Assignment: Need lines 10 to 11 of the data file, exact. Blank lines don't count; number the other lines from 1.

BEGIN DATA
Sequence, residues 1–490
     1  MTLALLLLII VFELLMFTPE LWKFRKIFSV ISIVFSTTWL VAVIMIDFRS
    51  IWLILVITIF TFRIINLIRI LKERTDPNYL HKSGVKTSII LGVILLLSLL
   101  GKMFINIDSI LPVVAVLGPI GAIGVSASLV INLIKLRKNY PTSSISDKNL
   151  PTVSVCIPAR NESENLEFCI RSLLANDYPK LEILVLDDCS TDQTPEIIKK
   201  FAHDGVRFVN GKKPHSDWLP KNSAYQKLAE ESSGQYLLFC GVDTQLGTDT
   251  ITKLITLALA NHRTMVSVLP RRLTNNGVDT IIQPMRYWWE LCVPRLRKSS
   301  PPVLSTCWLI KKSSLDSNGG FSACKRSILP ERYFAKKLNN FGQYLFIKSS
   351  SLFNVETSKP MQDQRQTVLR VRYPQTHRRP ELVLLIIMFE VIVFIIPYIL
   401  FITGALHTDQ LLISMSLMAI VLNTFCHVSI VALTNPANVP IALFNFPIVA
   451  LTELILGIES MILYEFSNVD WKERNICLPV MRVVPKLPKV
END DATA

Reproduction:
   401  FITGALHTDQ LLISMSLMAI VLNTFCHVSI VALTNPANVP IALFNFPIVA
   451  LTELILGIES MILYEFSNVD WKERNICLPV MRVVPKLPKV